Liz and I awoke early on a Wednesday morning to start our two-day trek along the Great Ocean Road. The Great Ocean Road is a 150+ mile stretch of road that hugs the coast between Torquay and Warrnambool, Victoria. It’s a two-lane winding road that has some of the most spectacular coastal views in Australia. Having the word “great” in the name is absolutely appropriate as we were soon to find out. So, we packed up our car and headed out, stopping of course for a quick photo op:
Yes, we stopped and took many photos of signs along the way – mainly because Liz is a photo op monster (which I now appreciate) – but the real photos were the ones of the scenery. And there was lots of scenery, especially on day one.
Our first stop off was the Bay of Islands – photo taken from afar:
Then on to the Bay of Martyrs:
And the very famous London Bridge:
The island in the bay there used to be attached to the mainland on the left – that is until January 15, 1990, when the arch known as London Bridge came tumbling down into the water, cutting the rock off from the mainland and stranding two tourists on the newly formed island. After several days stranded without water and no way to get off the big rock, the couple died of dehydration.
Actually, they didn’t. Just kidding! They were rescued by helicopter a few hours later. Bet that makes for one hell of a story to tell their friends and kids one day!
The Razorback was a very interesting rock formation – the two sides eroded away by wave action, the Razorback was very thin, nearly as thin as… say… a razor? Yes. But the Razorback is actually called the Razorback because the top (back) of the formation is sharp like a razor due to the salty wind-blown sea spray hardening sections of the top.
The coast along the Great Ocean Road is known as the Shipwreck Coast due to the high number of shipwrecks that occurred before modern navigation equipment came into play. The Loch Ard is one of those ships that hit the rocks and sank. All but two of the passengers perished with the ship in 1878 after a three-month voyage from London to Melbourne. The two survivors were washed into this gorge, which is now appropriately known as the Loch Ard Gorge. Liz and I walked down into the gorge and pretended we were the two survivors!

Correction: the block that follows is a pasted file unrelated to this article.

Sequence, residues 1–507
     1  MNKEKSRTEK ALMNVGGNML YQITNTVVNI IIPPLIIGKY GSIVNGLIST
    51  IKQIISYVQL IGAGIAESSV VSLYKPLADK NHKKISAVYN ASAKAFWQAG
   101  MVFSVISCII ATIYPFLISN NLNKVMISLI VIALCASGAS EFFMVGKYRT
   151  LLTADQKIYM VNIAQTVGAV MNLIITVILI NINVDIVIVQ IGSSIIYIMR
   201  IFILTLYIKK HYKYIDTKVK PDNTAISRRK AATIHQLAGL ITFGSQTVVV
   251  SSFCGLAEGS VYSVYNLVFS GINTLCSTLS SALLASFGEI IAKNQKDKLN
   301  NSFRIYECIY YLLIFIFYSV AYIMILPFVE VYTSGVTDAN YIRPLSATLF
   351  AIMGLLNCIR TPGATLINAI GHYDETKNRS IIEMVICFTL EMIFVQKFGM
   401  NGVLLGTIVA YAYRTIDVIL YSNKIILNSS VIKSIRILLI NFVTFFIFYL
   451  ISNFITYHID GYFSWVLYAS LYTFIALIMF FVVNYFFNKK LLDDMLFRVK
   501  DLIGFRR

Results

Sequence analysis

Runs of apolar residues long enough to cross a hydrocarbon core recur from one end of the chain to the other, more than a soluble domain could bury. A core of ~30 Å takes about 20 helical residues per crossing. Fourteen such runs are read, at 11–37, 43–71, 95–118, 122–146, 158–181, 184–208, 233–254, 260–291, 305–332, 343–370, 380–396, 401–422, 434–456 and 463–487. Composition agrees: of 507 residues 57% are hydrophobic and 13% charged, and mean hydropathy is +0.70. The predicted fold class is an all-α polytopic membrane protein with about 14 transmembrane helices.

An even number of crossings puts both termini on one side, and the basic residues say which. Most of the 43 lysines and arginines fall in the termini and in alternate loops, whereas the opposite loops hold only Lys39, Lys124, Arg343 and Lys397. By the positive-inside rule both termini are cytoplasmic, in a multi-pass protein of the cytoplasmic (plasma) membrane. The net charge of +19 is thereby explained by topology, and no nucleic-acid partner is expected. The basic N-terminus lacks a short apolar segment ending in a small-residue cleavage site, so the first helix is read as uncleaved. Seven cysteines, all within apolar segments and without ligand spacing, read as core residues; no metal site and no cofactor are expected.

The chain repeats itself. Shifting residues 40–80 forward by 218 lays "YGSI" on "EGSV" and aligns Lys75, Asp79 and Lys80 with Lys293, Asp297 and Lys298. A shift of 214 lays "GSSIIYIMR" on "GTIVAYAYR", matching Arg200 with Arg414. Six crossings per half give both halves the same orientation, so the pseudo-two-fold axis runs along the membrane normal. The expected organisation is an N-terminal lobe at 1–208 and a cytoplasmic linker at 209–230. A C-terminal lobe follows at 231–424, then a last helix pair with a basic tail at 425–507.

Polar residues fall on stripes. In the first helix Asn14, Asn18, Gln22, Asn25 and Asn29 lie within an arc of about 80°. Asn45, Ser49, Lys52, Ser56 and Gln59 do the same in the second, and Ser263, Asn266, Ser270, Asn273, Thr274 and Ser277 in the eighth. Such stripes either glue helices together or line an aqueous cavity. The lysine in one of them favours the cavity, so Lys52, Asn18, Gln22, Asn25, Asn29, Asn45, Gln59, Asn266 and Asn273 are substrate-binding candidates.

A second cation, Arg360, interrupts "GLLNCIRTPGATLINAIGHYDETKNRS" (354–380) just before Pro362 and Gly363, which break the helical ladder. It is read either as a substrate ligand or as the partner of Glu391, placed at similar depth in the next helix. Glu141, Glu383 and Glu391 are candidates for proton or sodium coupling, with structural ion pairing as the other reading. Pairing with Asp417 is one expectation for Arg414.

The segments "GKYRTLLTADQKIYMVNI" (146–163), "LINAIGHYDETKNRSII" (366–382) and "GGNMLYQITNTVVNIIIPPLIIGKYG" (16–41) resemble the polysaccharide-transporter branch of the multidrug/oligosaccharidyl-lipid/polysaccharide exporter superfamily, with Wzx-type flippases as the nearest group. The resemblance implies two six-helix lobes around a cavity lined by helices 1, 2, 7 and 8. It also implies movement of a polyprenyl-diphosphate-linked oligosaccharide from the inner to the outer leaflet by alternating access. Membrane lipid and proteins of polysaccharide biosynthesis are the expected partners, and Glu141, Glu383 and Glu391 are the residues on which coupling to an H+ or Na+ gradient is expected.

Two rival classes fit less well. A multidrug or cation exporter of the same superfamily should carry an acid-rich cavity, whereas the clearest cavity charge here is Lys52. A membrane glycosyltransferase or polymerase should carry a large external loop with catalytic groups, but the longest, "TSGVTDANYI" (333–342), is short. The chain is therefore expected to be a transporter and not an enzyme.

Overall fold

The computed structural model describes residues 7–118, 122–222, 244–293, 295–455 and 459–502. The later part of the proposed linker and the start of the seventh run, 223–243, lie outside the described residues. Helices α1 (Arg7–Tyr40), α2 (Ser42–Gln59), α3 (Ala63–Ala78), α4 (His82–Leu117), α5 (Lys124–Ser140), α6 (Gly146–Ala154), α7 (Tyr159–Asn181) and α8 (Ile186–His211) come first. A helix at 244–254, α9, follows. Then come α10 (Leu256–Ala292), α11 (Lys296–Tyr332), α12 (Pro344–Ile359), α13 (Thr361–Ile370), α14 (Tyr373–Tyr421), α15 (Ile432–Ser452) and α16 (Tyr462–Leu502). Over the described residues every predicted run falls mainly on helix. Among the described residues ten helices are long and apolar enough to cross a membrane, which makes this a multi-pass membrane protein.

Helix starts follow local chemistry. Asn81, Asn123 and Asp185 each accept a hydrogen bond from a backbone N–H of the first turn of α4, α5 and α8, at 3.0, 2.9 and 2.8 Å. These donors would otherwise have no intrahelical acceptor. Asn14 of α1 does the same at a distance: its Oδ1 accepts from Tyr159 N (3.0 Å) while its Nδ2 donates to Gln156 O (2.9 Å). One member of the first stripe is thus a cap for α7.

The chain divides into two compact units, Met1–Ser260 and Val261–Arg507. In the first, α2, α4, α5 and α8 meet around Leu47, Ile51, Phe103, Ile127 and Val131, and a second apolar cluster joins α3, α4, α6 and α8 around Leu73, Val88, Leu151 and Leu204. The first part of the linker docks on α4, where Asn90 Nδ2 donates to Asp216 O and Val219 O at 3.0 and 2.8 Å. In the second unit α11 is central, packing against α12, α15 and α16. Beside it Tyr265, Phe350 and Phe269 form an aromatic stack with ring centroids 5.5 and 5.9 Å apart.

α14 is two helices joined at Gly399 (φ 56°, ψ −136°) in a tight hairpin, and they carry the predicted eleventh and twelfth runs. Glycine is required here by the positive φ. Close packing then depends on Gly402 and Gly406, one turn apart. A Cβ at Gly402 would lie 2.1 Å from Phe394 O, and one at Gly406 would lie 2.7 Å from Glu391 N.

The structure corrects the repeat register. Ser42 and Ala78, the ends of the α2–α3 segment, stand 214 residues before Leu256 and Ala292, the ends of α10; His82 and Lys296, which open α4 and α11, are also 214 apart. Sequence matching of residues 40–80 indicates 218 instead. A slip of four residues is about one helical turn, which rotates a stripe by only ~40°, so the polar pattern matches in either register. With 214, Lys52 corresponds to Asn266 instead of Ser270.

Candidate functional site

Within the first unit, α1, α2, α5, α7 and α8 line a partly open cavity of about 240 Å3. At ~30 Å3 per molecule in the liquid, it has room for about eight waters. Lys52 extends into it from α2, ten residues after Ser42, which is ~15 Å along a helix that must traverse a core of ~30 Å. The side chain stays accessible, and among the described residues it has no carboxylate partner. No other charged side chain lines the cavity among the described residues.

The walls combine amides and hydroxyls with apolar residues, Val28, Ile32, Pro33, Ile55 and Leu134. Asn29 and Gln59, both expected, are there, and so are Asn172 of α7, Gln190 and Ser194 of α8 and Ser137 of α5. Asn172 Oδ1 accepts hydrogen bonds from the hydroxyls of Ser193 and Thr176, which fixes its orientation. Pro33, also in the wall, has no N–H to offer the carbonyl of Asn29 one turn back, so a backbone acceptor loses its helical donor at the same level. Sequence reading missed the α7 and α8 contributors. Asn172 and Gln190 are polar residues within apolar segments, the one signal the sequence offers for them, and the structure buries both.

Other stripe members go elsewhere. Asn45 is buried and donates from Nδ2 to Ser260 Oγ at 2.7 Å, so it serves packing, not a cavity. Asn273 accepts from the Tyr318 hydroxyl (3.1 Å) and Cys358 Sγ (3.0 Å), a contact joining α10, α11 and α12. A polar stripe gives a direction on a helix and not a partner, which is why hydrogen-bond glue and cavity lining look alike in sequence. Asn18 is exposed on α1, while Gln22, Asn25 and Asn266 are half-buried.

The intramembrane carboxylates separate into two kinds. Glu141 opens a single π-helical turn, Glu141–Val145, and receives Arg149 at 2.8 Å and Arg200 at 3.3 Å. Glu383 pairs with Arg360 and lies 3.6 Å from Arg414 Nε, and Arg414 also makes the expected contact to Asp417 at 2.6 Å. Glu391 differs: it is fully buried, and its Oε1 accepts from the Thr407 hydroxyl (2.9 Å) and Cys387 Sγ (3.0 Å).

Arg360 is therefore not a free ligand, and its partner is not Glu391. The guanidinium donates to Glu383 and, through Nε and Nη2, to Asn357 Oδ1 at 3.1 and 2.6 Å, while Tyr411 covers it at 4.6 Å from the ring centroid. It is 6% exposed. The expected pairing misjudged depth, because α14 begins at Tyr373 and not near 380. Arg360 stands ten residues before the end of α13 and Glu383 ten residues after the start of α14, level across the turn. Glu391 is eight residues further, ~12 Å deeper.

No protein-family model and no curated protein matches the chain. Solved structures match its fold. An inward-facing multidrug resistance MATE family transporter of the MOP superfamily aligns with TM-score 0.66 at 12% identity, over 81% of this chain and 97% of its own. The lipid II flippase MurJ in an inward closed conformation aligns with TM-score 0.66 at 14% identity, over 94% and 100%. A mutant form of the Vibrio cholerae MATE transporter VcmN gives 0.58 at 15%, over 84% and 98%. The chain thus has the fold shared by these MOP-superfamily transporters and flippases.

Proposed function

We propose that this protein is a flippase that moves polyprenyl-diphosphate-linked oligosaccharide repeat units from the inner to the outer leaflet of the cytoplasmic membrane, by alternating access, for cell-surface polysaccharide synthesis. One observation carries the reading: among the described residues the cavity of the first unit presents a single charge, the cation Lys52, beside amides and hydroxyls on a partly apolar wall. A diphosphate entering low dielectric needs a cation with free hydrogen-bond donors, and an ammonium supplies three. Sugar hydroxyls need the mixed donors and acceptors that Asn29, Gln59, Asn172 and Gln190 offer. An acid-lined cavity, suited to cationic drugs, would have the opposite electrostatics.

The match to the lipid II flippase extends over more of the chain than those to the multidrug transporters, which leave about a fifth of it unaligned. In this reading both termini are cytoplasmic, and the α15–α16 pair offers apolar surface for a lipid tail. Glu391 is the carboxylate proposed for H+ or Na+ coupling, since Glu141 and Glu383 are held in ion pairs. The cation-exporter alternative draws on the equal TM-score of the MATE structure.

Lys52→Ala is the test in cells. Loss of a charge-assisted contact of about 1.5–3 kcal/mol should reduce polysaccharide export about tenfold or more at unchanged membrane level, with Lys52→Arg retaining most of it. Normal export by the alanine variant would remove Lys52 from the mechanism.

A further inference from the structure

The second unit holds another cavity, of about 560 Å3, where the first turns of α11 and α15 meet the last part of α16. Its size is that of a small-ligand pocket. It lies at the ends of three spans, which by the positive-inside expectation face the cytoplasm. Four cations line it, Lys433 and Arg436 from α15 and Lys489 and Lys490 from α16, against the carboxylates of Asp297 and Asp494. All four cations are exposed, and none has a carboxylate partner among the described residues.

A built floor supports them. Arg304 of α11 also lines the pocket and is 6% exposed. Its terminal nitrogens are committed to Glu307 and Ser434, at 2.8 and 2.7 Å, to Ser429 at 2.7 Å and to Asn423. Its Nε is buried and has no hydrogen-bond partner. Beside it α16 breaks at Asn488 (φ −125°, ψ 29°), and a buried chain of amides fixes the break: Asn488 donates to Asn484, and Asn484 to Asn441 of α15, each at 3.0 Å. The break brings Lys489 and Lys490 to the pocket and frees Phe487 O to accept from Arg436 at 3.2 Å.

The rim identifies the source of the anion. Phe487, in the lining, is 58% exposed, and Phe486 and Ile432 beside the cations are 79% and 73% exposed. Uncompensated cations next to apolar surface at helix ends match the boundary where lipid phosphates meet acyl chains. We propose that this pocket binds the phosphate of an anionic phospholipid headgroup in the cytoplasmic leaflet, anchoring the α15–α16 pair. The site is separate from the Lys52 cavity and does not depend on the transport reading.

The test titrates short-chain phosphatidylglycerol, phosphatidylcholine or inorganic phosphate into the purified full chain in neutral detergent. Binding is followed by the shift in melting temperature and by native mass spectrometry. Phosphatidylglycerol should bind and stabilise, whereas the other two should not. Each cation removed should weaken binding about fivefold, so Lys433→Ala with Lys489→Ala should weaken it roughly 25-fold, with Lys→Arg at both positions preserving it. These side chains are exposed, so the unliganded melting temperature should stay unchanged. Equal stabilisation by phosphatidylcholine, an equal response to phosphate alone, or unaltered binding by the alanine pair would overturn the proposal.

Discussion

Actually, we didn’t pretend at all – we just explored the beach a bit, but it would have been totally fun to role play.
The next stop was the big stop – the most famous geological feature on the whole Great Ocean Road: the Twelve Apostles!
The Twelve Apostles are twelve limestone stacks in close proximity to each other. Actually, allow me to correct myself: the Twelve Apostles were twelve limestone stacks in close proximity to each other. As with all good things, the Twelve Apostles must come to an end, and the constant battering of waves against the easily-erodable limestone will ensure that. With the most recent collapse of one in 2005, only 8 of the original 12 apostles remain. Which one is next? It’s just like Survivor: the suspense is killing me!
Erosion in action (nerd alert!):
Our final big rocky cliff seaside viewpoint was the Gibson Steps. The Gibson Steps were carved into the cliff side in the late 19th century and covered with concrete for safety at a much later date.
It’s a quick walk down:
And at the end lies a fantastic beach:
With all of this natural beauty, it’s difficult to be anything but happy when taking in the views on the Great Ocean Road. But as any good pessimist will tell you, the happy bubble can burst in the blink of an eye. And that blink happens when you read any one of the many signs that constantly serve to remind you that at any given moment during your visit to the Great Ocean Road, there’s a chance that you will DIE.
I think I’ll take a few steps back from the edge now.